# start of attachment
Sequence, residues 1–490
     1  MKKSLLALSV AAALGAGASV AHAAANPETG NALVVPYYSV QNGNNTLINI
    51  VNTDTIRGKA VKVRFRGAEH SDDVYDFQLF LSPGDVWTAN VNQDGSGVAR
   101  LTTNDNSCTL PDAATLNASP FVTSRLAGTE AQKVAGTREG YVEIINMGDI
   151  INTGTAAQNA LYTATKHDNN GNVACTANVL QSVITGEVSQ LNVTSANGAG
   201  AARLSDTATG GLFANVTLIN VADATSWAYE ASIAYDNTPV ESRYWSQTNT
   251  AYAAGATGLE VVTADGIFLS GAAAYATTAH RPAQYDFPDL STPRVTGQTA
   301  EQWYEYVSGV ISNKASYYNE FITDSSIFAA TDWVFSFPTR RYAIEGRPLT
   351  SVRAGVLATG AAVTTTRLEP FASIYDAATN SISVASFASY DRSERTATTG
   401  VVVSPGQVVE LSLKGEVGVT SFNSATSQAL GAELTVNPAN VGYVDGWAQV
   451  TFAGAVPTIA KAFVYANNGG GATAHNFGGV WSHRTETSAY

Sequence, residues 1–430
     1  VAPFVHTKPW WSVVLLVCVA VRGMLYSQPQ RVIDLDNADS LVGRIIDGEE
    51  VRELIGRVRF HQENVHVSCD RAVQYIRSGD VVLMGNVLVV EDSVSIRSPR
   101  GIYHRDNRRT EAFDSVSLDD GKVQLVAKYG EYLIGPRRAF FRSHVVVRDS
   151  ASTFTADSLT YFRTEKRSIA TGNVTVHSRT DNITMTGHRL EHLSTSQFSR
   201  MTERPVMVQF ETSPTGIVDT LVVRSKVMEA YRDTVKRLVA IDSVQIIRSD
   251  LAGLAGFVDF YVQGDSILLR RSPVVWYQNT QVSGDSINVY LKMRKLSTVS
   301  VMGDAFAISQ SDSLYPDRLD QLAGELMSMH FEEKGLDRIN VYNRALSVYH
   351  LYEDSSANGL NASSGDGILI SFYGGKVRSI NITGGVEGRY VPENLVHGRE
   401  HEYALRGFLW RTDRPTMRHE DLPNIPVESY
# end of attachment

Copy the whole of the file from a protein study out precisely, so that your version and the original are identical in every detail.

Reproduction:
Sequence, residues 1–490
     1  MKKSLLALSV AAALGAGASV AHAAANPETG NALVVPYYSV QNGNNTLINI
    51  VNTDTIRGKA VKVRFRGAEH SDDVYDFQLF LSPGDVWTAN VNQDGSGVAR
   101  LTTNDNSCTL PDAATLNASP FVTSRLAGTE AQKVAGTREG YVEIINMGDI
   151  INTGTAAQNA LYTATKHDNN GNVACTANVL QSVITGEVSQ LNVTSANGAG
   201  AARLSDTATG GLFANVTLIN VADATSWAYE ASIAYDNTPV ESRYWSQTNT
   251  AYAAGATGLE VVTADGIFLS GAAAYATTAH RPAQYDFPDL STPRVTGQTA
   301  EQWYEYVSGV ISNKASYYNE FITDSSIFAA TDWVFSFPTR RYAIEGRPLT
   351  SVRAGVLATG AAVTTTRLEP FASIYDAATN SISVASFASY DRSERTATTG
   401  VVVSPGQVVE LSLKGEVGVT SFNSATSQAL GAELTVNPAN VGYVDGWAQV
   451  TFAGAVPTIA KAFVYANNGG GATAHNFGGV WSHRTETSAY

Sequence, residues 1–430
     1  VAPFVHTKPW WSVVLLVCVA VRGMLYSQPQ RVIDLDNADS LVGRIIDGEE
    51  VRELIGRVRF HQENVHVSCD RAVQYIRSGD VVLMGNVLVV EDSVSIRSPR
   101  GIYHRDNRRT EAFDSVSLDD GKVQLVAKYG EYLIGPRRAF FRSHVVVRDS
   151  ASTFTADSLT YFRTEKRSIA TGNVTVHSRT DNITMTGHRL EHLSTSQFSR
   201  MTERPVMVQF ETSPTGIVDT LVVRSKVMEA YRDTVKRLVA IDSVQIIRSD
   251  LAGLAGFVDF YVQGDSILLR RSPVVWYQNT QVSGDSINVY LKMRKLSTVS
   301  VMGDAFAISQ SDSLYPDRLD QLAGELMSMH FEEKGLDRIN VYNRALSVYH
   351  LYEDSSANGL NASSGDGILI SFYGGKVRSI NITGGVEGRY VPENLVHGRE
   401  HEYALRGFLW RTDRPTMRHE DLPNIPVESY